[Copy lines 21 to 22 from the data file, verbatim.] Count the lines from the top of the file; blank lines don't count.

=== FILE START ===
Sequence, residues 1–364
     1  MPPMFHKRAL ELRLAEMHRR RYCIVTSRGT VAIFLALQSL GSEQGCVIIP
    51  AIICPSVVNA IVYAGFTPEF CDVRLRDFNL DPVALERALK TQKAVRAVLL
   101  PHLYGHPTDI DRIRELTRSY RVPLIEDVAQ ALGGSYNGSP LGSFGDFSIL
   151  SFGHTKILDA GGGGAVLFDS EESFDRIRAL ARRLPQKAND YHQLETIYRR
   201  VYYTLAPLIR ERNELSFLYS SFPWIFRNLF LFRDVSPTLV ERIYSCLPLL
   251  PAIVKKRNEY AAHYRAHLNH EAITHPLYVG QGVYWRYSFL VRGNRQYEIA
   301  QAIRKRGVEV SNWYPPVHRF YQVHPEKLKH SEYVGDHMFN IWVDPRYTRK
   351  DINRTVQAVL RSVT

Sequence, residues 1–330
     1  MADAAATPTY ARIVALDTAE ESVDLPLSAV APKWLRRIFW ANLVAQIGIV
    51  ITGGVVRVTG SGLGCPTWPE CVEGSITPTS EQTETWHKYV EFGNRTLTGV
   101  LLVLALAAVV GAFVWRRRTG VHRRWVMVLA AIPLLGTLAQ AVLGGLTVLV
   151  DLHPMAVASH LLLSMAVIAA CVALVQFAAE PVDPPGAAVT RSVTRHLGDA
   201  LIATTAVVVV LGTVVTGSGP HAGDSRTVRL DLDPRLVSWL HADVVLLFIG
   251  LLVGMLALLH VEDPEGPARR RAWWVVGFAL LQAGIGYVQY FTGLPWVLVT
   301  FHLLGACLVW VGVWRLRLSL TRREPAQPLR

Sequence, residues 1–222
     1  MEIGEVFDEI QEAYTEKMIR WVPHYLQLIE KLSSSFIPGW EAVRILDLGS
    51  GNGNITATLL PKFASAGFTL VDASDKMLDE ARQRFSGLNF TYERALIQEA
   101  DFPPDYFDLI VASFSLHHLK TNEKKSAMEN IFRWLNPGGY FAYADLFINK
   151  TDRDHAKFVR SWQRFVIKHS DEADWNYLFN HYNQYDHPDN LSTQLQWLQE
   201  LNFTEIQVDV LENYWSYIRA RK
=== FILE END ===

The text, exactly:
   101  DFPPDYFDLI VASFSLHHLK TNEKKSAMEN IFRWLNPGGY FAYADLFINK
   151  TDRDHAKFVR SWQRFVIKHS DEADWNYLFN HYNQYDHPDN LSTQLQWLQE